“When I was young, I could tell Mum and Dad thought I might have a future in cricket, but I’d become randomly obsessed with tennis,” Rowe says. “I made them take me to the tennis open day, when they didn’t really want to do that, but they took me along and said ‘Whatever you want to do’.

“But I was terrible at tennis. So that didn’t go far.”

Rowe went further with netball – she was a shooter in the Palmerton North Girls’ top team and for Massey University until the third year of her degree in communications, majoring in journalism.

“I love netball and I still miss it a lot. But I just don’t have the physical energy left to do it anymore,” she says.

“When I was playing through uni, I’d turn up on Saturday and I just had nothing left in me after all the training we’d had. Molly Penfold was a netballer as well, we bonded over that once she came into the White Ferns environment.”

Her brothers and father still play cricket. “It’s definitely the main topic around the dinner table, that’s for sure,” Rowe says. “My brothers roast me like brothers do and they’re quick to remind you when you stuff something up. But that’s humbling at the same time. You know they’re always supporting, always watching.”

Future White Fern Hannah Rowe (right) and elder brother, Cameron, all padded up. Photo: supplied. 

Craig Rowe plays with the Wanderers Club in Palmerston North, where he and his daughter have accomplished something of a rarity in world cricket – playing together in the same team.

“Some days you’d be out there batting with Dad, or you’re bowling and he’s fielding at slip. I’m sure he’s dropped a few off my bowling,” she laughs.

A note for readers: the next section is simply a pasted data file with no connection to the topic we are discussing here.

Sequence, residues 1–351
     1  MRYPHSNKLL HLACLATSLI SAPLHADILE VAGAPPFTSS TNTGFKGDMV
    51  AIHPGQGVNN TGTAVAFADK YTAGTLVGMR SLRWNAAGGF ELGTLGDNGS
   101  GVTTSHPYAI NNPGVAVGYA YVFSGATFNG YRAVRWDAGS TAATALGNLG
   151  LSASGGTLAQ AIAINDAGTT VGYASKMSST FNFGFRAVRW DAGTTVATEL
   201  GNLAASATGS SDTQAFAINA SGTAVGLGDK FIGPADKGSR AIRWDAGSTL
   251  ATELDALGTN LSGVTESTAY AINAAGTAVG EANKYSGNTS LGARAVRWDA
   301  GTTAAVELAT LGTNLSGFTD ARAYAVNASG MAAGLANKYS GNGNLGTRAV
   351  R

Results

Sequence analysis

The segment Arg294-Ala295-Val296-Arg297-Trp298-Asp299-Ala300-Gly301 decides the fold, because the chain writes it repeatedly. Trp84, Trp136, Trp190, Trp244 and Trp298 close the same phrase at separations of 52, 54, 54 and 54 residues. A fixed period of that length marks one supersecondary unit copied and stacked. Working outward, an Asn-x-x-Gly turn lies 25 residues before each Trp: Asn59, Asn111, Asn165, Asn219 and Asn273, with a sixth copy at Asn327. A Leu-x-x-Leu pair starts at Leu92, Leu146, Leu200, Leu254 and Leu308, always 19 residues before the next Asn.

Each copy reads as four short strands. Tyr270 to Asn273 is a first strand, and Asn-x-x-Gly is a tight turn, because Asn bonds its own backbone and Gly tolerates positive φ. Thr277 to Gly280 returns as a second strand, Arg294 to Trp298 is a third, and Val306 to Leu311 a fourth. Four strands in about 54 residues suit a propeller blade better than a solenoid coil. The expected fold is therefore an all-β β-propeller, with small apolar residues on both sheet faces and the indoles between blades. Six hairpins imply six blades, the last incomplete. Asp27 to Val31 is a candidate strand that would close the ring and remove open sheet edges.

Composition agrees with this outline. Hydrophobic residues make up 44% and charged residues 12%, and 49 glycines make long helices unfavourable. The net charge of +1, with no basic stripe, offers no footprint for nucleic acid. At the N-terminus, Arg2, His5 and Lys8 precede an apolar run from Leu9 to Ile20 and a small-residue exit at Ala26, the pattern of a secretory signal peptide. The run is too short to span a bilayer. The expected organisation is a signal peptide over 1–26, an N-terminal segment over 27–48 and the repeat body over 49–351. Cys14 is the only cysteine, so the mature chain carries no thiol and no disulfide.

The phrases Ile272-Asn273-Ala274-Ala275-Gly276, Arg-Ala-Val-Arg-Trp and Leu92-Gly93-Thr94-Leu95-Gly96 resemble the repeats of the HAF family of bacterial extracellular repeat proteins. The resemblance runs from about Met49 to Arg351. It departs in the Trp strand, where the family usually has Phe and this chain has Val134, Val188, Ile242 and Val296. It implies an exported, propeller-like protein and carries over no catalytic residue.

“That whole club has always had family about it – siblings playing together, fathers and sons, or fathers and daughters. They were always really welcoming, and they’ve have five girls playing for them, which no other clubs were doing at the time.

“Dad still plays when he gets the chance, but he’s pretty busy on the farm. We have to tell him to be careful running between the wickets because we don’t really want a hamstring to go.”

That’s one thing Rowe has missed out on while chasing a career in cricket. While her brothers would usually go home to Rongotea in summer to help with milking, she’d be away playing for Central Hinds or the White Ferns.

“Since I missed that experience, I’ve told Mum and Dad that after the World Cup I’ll come home and work on the farm for a little while,” she says.

“Everyone thinks I’m a real country girl; I’m the one who always has the country music playing in the team changing room. But I can’t really follow that up. So it’s time to be educated.”

As Rowe prepares for her second World Cup, she admits the girl turning cartwheels in the outfield never really dreamed of becoming a White Fern.

“I knew who they were, but there wasn’t the same level of exposure for the team as there is now,” she says.

“When I first made the White Ferns [at the age of 18], it was very much out of the blue for me. In fact, I was so shocked, the coach had to call me the next day, just to reaffirm to me before the team was announced that I was actually in it.” She made her ODI debut against England in 2015, but really made her mark on international cricket at the last World Cup in England, named player of the match against West Indies before leading the way with the ball against India.

“Growing up, people would say, ‘You could be a White Fern one day’, but at the time you’re just enjoying your cricket. I look back and think ‘Wow that kid had no idea how much experience cricket was going to give her.’

“I think of all the friends I have in the White Ferns environment, and how much I’ve developed as a person through sport.”

Suzanne McFadden, the 2021 Voyager Media Awards Sports Journalist of the Year, founded LockerRoom, dedicated to women's sport.

Leave a comment